Through the looking glass: the neural basis of self-concept in young adults with antisocial trajectories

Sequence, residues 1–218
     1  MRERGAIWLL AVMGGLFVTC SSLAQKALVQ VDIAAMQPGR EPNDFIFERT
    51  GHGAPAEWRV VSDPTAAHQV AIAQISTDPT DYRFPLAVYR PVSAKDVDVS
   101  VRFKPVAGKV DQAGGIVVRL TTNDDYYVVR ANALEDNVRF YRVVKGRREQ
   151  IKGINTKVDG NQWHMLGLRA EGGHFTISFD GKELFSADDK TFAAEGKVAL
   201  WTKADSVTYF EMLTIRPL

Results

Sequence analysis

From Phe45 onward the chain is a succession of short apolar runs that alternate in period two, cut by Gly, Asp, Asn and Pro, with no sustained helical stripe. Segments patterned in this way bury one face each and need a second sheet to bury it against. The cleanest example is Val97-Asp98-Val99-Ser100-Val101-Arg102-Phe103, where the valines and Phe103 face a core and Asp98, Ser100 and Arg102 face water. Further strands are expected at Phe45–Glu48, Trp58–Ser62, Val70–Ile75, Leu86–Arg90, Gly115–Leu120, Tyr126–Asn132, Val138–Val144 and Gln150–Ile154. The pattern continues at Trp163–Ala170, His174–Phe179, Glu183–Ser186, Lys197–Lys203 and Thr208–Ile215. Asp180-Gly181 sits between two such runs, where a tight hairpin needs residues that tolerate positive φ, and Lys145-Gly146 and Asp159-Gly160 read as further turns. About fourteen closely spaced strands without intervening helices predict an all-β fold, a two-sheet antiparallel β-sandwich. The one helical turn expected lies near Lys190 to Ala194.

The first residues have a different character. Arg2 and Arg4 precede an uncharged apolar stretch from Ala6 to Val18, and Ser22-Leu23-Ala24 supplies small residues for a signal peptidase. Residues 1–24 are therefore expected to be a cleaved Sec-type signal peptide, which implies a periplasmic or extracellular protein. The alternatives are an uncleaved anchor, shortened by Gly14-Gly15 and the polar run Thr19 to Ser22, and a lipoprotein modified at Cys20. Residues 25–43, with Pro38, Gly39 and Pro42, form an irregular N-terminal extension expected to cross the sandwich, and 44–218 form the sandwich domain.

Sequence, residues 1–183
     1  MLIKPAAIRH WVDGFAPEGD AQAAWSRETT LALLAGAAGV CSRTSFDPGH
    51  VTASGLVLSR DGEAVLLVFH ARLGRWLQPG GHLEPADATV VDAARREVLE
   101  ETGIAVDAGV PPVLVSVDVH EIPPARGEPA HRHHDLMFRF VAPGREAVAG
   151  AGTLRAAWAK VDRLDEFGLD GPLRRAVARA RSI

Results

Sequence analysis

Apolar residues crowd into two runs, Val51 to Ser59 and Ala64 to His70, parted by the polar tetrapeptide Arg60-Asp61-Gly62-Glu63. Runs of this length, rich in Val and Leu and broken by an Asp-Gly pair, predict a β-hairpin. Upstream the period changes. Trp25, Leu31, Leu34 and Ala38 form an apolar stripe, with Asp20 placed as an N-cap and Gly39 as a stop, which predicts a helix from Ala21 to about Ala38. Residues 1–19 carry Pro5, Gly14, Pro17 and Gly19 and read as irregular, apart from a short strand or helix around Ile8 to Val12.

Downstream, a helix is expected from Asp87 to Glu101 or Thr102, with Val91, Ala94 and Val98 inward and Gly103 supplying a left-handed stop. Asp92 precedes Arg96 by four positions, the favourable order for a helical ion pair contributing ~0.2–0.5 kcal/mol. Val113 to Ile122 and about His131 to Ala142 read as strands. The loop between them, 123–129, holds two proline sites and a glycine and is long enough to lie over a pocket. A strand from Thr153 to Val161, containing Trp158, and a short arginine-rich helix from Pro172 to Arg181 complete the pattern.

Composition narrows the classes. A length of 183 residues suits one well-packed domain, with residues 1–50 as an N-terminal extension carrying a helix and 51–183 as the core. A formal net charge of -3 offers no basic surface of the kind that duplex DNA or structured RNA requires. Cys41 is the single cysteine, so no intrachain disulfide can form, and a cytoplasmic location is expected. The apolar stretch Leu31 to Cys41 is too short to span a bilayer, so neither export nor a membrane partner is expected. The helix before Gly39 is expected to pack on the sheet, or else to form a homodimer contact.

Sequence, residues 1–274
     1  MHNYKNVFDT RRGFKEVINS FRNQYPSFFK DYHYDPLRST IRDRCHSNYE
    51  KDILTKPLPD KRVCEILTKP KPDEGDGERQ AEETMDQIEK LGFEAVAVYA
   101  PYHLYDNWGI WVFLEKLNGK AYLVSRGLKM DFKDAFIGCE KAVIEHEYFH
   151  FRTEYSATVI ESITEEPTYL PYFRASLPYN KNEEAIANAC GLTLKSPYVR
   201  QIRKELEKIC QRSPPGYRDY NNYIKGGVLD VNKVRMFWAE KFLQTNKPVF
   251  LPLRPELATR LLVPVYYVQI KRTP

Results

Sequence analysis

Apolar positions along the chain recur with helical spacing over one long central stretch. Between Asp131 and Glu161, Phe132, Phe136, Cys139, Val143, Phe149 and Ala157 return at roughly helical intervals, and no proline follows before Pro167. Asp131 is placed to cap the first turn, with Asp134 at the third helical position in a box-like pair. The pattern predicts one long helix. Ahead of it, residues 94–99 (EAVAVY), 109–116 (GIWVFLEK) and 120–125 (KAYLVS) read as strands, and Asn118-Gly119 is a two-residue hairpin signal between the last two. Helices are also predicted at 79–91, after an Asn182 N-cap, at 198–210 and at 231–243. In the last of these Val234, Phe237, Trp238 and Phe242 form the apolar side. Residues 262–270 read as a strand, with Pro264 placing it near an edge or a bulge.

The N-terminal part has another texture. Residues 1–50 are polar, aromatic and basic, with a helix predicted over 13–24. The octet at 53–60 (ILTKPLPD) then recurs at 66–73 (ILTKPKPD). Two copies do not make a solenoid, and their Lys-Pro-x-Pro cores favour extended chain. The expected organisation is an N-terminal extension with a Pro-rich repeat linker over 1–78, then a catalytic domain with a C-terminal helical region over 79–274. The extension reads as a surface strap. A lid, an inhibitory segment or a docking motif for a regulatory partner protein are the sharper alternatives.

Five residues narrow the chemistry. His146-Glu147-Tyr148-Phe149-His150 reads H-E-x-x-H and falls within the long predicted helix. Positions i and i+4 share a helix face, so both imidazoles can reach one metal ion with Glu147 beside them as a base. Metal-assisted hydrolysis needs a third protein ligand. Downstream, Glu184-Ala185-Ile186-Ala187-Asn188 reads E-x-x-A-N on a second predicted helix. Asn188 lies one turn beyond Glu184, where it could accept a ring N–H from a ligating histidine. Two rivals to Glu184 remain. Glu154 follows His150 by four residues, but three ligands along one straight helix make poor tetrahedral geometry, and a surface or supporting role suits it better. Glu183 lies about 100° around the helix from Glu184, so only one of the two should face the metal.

Self-concept is shaped by social experiences, but it is not yet well understood how the neural and behavioral development of self-concept is influenced by a history of antisocial behavior. In this pre-registered study, we examined neural responses to self-evaluations in young adults who engaged with antisocial behavior in childhood and either desisted or persisted in antisocial behavior. A self-concept task was performed by 94 young adults (age range 18–30 years). During the task, participants with a persistent or desistent antisocial trajectory (n = 54) and typically developing young adults (n = 40) rated whether positive and negative traits in different domains (prosocial and physical) described themselves. We examined both the effects of a history of antisocial behavior as well as current heterogeneity in psychopathic traits on self-concept appraisal and its neural underpinnings. Participants endorsed more positive trait statements than negative across domains, which did not differ between antisocial-history groups. However, current psychopathic traits were negatively associated with prosocial self-concept and medial prefrontal cortex activity during self-evaluation. Together, these findings suggest that antisocial tendencies might indeed be reflected in self-concept development of young adults, specifically in the prosocial domain.